Sweden can claim the lowest smoking rate among OECD countries, with 18.9% of the population admitting to being regular smokers in 2000, down from 25.8% in 1990, followed by the US with 19.0%, down from 25.6% a decade earlier. The Japanese can meanwhile claim the dubious distinction of being the heaviest smokers, with 34.3% of people taking a puff daily in 1999, just slightly lower than 37% in 1990, figures in the latest edition of OECD Health Data show.
But if US residents have been smoking less they have also been eating more, with the health data reporting that 26% of the population suffer from obesity, the highest recorded among OECD countries. The heavier-smoking Dutch, on the other hand, have an obesity level of just 8.7%. This coincidence should not be seen as a recommendation to “weight-challenged” people to take up smoking in a bid to shed some kilos, since both excess weight and cigarettes are associated with serious health risks and high medical costs. One notable difference between them, though, is that while cigarette packs usually carry health warnings, unhealthy foods do not.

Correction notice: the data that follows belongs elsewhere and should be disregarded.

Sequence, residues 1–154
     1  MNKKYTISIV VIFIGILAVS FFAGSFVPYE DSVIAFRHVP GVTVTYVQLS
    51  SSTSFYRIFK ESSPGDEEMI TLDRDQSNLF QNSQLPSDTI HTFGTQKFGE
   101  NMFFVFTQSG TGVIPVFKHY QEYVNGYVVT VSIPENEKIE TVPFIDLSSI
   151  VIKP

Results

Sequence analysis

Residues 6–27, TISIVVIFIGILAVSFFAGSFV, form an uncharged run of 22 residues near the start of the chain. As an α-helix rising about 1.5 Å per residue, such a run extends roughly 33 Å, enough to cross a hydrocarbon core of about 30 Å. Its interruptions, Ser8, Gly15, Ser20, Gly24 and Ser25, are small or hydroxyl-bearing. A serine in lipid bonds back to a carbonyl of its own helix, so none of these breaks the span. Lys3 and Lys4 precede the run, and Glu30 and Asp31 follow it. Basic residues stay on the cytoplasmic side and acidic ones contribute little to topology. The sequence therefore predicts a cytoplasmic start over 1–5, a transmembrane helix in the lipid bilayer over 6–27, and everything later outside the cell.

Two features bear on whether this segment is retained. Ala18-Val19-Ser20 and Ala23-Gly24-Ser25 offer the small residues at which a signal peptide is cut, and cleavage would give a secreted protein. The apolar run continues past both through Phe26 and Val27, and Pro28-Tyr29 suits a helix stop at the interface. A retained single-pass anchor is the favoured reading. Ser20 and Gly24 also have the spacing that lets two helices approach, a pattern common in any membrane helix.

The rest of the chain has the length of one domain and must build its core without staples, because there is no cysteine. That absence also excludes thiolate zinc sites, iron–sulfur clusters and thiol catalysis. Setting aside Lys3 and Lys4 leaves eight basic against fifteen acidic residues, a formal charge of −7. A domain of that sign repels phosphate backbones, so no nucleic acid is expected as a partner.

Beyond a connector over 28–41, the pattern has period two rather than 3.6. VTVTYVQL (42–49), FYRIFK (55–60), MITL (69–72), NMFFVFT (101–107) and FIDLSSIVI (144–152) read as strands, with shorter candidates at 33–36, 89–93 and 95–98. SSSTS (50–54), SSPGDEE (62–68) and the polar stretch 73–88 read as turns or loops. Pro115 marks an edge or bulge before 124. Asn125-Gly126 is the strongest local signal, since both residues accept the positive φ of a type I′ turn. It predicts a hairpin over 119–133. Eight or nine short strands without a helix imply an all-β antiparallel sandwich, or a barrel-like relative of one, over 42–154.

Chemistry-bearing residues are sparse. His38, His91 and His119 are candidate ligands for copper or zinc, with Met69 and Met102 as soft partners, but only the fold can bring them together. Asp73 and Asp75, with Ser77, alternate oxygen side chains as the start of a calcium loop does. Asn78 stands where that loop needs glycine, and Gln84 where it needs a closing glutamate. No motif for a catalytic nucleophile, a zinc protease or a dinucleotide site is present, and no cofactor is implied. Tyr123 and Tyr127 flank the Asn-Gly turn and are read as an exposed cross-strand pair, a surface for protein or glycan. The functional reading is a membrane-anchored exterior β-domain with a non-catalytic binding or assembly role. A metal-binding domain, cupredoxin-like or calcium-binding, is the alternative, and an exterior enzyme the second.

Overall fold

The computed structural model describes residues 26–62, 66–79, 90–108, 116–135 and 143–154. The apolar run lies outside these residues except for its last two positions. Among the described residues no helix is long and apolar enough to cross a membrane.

• OECD Health Data 2002, a CD-ROM of health and health-related statistics for OECD countries which comes complete with the capacity to download regular updates online.
©OECD Observer No. 233, August 2002